"Very good, sir. I will clean your small Colt revolver at once."
Hugh Drummond paused in the act of lighting his pipe, and a grin spread slowly over his face. "Excellent," he said. "And see if you can find that water-squirt pistol I used to have—a Son of a Gun they called it. That ought to raise a laugh, when I arrest the murderer with it."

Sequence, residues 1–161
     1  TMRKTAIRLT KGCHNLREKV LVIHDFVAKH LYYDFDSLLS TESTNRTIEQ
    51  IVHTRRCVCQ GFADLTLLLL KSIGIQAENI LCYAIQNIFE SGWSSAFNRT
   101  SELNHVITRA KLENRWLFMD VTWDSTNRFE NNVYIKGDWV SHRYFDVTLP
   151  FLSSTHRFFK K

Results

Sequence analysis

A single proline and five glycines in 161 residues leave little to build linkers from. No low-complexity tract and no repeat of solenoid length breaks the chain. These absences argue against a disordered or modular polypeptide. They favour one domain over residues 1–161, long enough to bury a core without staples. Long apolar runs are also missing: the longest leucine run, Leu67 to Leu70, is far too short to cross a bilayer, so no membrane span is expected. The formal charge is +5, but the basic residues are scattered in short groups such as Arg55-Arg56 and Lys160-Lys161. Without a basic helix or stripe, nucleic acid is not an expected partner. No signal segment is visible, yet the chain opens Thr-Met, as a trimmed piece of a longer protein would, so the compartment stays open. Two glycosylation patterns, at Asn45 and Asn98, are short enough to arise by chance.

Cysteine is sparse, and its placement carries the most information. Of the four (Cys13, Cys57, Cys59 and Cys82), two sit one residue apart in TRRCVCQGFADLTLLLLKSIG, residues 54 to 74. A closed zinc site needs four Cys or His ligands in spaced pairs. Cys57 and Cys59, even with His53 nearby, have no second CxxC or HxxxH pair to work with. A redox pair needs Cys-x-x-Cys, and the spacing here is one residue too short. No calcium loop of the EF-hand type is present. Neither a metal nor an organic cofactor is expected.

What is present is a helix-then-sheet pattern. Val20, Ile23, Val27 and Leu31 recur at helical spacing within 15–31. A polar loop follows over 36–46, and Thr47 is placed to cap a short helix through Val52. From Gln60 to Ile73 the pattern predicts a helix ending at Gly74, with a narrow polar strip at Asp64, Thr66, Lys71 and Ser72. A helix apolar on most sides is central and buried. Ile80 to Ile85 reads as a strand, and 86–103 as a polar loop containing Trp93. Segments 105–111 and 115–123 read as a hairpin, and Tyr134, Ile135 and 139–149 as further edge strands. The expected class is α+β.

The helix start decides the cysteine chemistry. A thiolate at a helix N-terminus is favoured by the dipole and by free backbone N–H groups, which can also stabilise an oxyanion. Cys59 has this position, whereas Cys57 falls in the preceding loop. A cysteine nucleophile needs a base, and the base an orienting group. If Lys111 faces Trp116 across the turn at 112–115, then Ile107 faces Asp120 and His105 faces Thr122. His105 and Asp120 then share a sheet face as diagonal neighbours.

The 30 h.p. two-seater made short work of the run to Godalming. Under the dickey seat behind lay a small bag, containing the bare necessaries for the night; and as Drummond thought of the two guns rolled up carefully in his pyjamas—the harmless toy and the wicked little automatic—he grinned gently to himself. The girl had not rung him up during the morning, and, after a comfortable lunch at his club, he had started about three o'clock. The hedges, fresh with the glory of spring, flashed past; the smell of the country came sweet and fragrant on the air. There was a gentle warmth, a balminess in the day that made it good to be alive, and once or twice he sang under his breath through sheer lightheartedness of spirit. Surrounded by the peaceful beauty of the fields, with an occasional village half hidden by great trees from under which the tiny houses peeped out, it seemed impossible that crime could exist—laughable. Of course the thing was a hoax, an elaborate leg-pull, but, being not guilty of any mental subterfuge, Hugh Drummond admitted to himself quite truly that he didn't care a damn if it was. Phyllis Benton was at